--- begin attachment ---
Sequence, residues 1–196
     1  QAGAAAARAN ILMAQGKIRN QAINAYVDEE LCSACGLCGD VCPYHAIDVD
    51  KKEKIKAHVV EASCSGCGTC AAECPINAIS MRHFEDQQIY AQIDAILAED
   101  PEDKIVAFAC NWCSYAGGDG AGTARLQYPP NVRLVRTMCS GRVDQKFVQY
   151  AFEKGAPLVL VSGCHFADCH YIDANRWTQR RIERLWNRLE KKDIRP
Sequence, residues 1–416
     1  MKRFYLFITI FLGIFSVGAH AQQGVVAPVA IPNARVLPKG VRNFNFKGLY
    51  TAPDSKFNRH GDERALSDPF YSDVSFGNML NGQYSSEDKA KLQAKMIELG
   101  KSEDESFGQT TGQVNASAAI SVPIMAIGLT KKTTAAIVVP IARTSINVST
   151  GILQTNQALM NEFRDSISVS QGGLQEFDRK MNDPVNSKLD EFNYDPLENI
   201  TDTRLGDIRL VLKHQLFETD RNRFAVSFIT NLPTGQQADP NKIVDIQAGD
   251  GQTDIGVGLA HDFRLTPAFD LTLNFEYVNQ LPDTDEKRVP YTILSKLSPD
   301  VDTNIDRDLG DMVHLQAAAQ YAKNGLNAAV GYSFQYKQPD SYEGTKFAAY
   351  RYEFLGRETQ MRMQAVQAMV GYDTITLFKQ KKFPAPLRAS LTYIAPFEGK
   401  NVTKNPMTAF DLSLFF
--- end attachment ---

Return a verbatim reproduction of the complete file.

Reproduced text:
Sequence, residues 1–196
     1  QAGAAAARAN ILMAQGKIRN QAINAYVDEE LCSACGLCGD VCPYHAIDVD
    51  KKEKIKAHVV EASCSGCGTC AAECPINAIS MRHFEDQQIY AQIDAILAED
   101  PEDKIVAFAC NWCSYAGGDG AGTARLQYPP NVRLVRTMCS GRVDQKFVQY
   151  AFEKGAPLVL VSGCHFADCH YIDANRWTQR RIERLWNRLE KKDIRP
Sequence, residues 1–416
     1  MKRFYLFITI FLGIFSVGAH AQQGVVAPVA IPNARVLPKG VRNFNFKGLY
    51  TAPDSKFNRH GDERALSDPF YSDVSFGNML NGQYSSEDKA KLQAKMIELG
   101  KSEDESFGQT TGQVNASAAI SVPIMAIGLT KKTTAAIVVP IARTSINVST
   151  GILQTNQALM NEFRDSISVS QGGLQEFDRK MNDPVNSKLD EFNYDPLENI
   201  TDTRLGDIRL VLKHQLFETD RNRFAVSFIT NLPTGQQADP NKIVDIQAGD
   251  GQTDIGVGLA HDFRLTPAFD LTLNFEYVNQ LPDTDEKRVP YTILSKLSPD
   301  VDTNIDRDLG DMVHLQAAAQ YAKNGLNAAV GYSFQYKQPD SYEGTKFAAY
   351  RYEFLGRETQ MRMQAVQAMV GYDTITLFKQ KKFPAPLRAS LTYIAPFEGK
   401  NVTKNPMTAF DLSLFF